Joyce Dunbar (born 1944 in Scunthorpe, England) is an English writer. She primarily writes books for children, and has published over seventy books. Dunbar is perhaps best known for Tell Me Something Happy Before I Go To Sleep, This Is The Star, and the Mouse And Mole series. She is the mother of book author-illustrator Polly Dunbar.
Dunbar was born in 1944 in Scunthorpe, England and is one of four children. Her father was a steel-worker and her mother was a fishing net maker. Dunbar grew up in Lincolnshire.
Dunbar attended Goldsmiths College in London, where she received a Bachelor of Arts in English. After that, she did several jobs, working as a nanny, a waitress, a barmaid, and a salesperson. In 1968, she started working as a teacher in a college drama department of Stratford-on-Avon, England. However, due to her gradual loss of hearing, Dunbar had to stop her teaching career and in 1989, she became a full time writer.
Dunbar has two grown up children: Ben, a fashion photographer and Polly, an author illustrator. Dunbar currently lives in Norwich.
Dunbar published her first children’s book at age 35.In 1985, Dunbar published Mundo And The Weather-Child - a novel about the imaginary friend of a deaf child, which helped her become a runner up for the Guardian Fiction Award. In 1990, her book A Bun for Barney was made into an interactive video game by BBC Multimedia Corporation.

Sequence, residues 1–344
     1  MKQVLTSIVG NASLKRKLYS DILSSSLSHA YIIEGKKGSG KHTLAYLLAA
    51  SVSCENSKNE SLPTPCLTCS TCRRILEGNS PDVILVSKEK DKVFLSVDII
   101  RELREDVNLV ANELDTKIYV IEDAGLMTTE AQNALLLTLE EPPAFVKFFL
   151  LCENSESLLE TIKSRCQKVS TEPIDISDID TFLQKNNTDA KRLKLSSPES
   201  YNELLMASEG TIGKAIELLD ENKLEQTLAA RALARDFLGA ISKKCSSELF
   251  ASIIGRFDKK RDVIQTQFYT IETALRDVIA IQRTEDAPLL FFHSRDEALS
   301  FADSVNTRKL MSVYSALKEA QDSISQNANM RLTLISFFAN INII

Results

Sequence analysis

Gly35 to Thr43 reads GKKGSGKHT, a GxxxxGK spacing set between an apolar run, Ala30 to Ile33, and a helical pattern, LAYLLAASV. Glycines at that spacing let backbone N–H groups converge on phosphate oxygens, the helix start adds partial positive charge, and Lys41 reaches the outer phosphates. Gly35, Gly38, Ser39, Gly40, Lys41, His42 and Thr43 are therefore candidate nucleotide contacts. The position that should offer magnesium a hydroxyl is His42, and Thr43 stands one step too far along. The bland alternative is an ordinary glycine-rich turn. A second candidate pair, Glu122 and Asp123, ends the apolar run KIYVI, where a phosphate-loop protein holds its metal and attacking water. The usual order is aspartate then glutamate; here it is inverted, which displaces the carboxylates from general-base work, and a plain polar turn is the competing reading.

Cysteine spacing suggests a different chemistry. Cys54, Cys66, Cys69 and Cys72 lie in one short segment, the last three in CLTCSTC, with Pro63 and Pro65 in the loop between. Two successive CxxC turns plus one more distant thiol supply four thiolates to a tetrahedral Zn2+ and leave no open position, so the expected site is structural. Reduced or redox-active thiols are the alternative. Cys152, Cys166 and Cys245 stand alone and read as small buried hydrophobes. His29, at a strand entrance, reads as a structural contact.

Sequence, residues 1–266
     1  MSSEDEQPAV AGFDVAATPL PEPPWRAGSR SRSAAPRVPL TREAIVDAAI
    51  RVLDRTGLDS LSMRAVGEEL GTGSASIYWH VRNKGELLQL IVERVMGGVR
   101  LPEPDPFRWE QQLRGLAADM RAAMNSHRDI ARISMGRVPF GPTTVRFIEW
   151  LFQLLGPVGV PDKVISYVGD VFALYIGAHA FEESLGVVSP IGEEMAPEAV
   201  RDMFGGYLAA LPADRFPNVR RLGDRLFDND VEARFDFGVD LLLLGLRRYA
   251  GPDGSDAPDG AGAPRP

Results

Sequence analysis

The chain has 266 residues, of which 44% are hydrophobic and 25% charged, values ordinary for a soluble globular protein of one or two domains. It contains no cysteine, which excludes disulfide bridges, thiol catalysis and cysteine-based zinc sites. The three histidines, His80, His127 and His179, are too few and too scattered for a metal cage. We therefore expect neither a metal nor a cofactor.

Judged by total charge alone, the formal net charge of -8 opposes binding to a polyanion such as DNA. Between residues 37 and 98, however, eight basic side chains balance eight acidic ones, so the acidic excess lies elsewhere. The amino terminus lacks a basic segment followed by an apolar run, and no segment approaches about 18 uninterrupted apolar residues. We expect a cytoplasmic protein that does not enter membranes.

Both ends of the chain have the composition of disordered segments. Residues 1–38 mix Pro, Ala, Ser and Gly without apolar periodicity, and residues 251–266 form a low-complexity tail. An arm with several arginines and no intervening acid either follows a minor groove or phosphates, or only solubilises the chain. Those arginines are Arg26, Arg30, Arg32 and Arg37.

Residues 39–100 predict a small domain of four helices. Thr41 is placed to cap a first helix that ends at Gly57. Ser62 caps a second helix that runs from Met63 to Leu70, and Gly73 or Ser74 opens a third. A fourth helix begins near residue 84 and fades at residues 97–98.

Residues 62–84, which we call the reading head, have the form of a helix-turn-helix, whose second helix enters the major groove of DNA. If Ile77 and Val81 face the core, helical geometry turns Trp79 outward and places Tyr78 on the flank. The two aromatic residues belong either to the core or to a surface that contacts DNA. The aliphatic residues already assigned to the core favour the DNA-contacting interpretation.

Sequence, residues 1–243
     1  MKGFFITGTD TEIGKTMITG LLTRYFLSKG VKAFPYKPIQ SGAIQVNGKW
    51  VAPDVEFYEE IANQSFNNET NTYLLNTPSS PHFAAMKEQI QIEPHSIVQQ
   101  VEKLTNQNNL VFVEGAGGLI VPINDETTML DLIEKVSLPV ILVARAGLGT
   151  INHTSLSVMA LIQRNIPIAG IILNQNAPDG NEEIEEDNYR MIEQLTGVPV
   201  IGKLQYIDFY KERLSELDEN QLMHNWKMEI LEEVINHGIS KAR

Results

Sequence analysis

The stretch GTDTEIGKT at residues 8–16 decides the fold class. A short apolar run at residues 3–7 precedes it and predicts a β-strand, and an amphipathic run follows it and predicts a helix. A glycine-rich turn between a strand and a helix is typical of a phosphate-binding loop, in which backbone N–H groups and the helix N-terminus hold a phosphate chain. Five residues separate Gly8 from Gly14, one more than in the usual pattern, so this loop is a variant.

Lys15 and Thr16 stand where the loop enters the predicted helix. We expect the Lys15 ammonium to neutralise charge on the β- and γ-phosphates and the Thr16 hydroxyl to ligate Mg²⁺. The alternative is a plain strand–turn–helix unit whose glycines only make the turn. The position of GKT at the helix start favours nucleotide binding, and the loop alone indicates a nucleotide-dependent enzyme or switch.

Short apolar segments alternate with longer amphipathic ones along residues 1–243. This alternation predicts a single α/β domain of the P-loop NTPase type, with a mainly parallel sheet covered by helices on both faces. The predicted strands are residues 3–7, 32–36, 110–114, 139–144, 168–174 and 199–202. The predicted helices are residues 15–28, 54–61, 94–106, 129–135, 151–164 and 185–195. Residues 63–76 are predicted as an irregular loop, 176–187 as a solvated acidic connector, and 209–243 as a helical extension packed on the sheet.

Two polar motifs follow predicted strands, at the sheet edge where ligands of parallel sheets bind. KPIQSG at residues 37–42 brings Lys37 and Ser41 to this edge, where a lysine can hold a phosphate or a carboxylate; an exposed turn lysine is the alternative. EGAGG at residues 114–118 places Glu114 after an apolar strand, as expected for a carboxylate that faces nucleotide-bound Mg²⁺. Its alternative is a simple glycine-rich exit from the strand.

In 1998, she wrote Tell Me Something Happy Before I Go To Sleep, which is recommended as a book to help children feel secure. In 2002 Dunbar did a book tour in the United States to promote this book. Her 2005 picture book Shoe Baby, illustrated by her daughter Polly, was made into a puppet show and is part of the 2006 Brighton Festival.
Dunbar most well-known series, Mouse and Mole, has been adapted into a twenty-six part television animation series by Grasshopper Productions, with voices lent by Alan Bennett and Richard Briers.
Being a person with a hearing impairment, Dunbar has participated in a number of campaigns on behalf of deaf people. In 1998, Dunbar cycled across Cuba in order to raise funds for the National Deaf Children's Society. Her journal Cycle Cuba, a record of this event, was published in 1999. That same year, she had a trip to the Himalayas in support of the founding of a new ashram. Dunbar has also taught English writing for children from Greek island Skyros.
Dunbar is on the steering group for the In The Picture project run by SCOPE, which is about the representation of children with disability in picture books.